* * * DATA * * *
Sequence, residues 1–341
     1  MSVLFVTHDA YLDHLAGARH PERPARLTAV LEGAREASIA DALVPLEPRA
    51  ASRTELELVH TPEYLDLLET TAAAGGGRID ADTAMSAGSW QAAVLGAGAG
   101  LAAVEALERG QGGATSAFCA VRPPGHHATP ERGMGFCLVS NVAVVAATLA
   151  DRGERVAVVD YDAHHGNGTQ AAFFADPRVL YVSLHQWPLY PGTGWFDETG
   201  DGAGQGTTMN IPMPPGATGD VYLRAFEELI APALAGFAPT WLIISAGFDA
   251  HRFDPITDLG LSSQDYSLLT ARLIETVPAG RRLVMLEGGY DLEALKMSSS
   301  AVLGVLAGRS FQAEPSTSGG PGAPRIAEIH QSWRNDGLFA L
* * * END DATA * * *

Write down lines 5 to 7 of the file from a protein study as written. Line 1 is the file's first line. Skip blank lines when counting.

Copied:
   151  DRGERVAVVD YDAHHGNGTQ AAFFADPRVL YVSLHQWPLY PGTGWFDETG
   201  DGAGQGTTMN IPMPPGATGD VYLRAFEELI APALAGFAPT WLIISAGFDA
   251  HRFDPITDLG LSSQDYSLLT ARLIETVPAG RRLVMLEGGY DLEALKMSSS